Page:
Capital: San Luis Potosi
The vividly cross-stitched poncho, also called a quechquemitl or quisquems, covers a solid pink blouse worn over a full black skirt with ruffled hem. The Huastecans, or Teenek, as they call themselves, embroider their clothing with traditional symbols of their mythology: the animals are the environment and family relations, the tree is life, and the star is the four cardinal points.
Living in the area known as the huasteca, this indigenous group occupies parts of Tamaulipas, San Luis Potosi, Hidalgo, and Veracruz. Robust inhabitants of the thick forests and rugged mountains of the coastal region, the Huastecos enjoy the profusion of rivers and waterfalls, cultivating the rich soil, breeding livestock of excellent quality, and selling fruit and fresh fish - both of which they have in abundance. The Huastecos have the reputation of being as tough as the terrain they live on and, when they find free time, being equally lighthearted and tempestuous.
The centrally located state of San Luis Potosi has three natural regions: the highland plateau, the central region, and the southwestern huasteca.
The highland plateau covers almost half of the state's total area and has two parts. In the dry, relatively barren northern Altiplano, the city of Real del Catorce, a former center of frenzied silver mining during colonial times, is now a ghost town. Most of the population moved to urban areas for industrial employment. The southern San Luis area is where the capital city is located.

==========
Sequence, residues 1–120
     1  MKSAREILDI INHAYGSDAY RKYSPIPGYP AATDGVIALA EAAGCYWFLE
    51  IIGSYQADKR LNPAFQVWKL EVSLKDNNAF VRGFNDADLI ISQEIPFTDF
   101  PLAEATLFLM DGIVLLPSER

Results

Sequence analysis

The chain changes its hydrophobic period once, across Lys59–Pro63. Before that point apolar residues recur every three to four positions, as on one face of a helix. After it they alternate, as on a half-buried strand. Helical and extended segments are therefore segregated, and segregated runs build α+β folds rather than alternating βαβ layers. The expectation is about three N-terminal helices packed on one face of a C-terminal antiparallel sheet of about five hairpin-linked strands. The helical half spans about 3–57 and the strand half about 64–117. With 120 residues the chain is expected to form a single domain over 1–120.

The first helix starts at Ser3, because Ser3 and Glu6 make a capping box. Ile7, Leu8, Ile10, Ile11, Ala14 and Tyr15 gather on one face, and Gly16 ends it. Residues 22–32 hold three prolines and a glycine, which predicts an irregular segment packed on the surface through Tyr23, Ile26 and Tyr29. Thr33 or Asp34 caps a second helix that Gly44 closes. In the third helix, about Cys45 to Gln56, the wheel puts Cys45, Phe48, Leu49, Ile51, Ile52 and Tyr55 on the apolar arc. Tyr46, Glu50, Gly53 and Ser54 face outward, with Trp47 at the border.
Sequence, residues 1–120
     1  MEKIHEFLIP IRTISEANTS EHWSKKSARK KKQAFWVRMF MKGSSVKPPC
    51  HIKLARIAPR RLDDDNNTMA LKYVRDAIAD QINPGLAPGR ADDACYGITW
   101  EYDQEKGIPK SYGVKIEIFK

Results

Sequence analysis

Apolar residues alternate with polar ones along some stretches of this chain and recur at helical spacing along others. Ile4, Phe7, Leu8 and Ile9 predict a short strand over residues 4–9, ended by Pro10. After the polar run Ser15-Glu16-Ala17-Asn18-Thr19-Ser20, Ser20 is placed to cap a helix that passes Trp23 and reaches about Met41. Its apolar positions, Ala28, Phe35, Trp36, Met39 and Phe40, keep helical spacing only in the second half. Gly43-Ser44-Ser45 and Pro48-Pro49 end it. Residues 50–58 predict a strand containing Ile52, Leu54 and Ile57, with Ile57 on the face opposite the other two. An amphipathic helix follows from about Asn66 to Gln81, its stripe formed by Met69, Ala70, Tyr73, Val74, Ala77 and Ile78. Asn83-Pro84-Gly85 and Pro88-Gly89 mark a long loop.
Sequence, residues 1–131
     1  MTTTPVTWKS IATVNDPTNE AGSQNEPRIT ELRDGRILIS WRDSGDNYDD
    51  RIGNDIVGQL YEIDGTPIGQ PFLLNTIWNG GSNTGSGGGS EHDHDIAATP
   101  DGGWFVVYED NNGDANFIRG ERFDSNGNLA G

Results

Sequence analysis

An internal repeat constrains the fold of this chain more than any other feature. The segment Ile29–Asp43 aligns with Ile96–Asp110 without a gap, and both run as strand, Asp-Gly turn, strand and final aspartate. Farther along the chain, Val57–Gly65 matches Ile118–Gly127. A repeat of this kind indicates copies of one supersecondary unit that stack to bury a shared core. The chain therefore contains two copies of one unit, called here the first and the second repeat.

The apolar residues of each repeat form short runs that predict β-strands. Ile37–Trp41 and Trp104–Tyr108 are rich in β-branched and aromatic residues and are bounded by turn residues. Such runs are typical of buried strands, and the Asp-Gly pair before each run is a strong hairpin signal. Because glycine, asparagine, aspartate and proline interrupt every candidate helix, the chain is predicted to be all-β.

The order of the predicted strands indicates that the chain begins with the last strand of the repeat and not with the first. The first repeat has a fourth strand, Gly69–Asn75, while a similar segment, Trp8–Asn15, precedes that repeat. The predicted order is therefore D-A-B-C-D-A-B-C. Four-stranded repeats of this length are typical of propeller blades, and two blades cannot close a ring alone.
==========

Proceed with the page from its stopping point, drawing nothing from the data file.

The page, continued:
The state's central region is a little warmer and more humid, with more fertile soil than on the highland plateau.
The southwestern Huasteca region covers only about 10% of the state, but enjoys very fertile soil, and sustains more than half the state's agriculture and livestock production. Here, oranges, sugarcane, lemons, coffee, corn, and avocado flourish. The principal city of the region is Ciudad Valles, known as "the capital of Potosi's huasteca."
One of the world's deepest faults, formed by movement in the earth's crust, the Sotano de la Golondrinas (Swallow's Cellar) is located near Aquismón, in the southeast of the state. In addition to rivers and springs, San Luis Potosi has a number of spectacular waterfalls and beautiful lagoons where waterways converge.
Since pre-Hispanic times, the Huicole Indians have made an annual pilgrimage to San Luis Potosi to collect peyote, a small thornless cactus, gray-green or blue-green in color, which they use for its hallucinogenic effects during religious or healing ceremonies.
Did you know...?
The name San Luis Potosi dates from the period when the Spaniards arrived in the area; at the time the Guachichilies occupied these lands. The area was first known as Valle de San Luis, which was later shortened to San Luis. After discovering the mines and finding large amounts of gold and silver, the Spaniards added the name, Potosi, which was also used for other rich mines in the New World.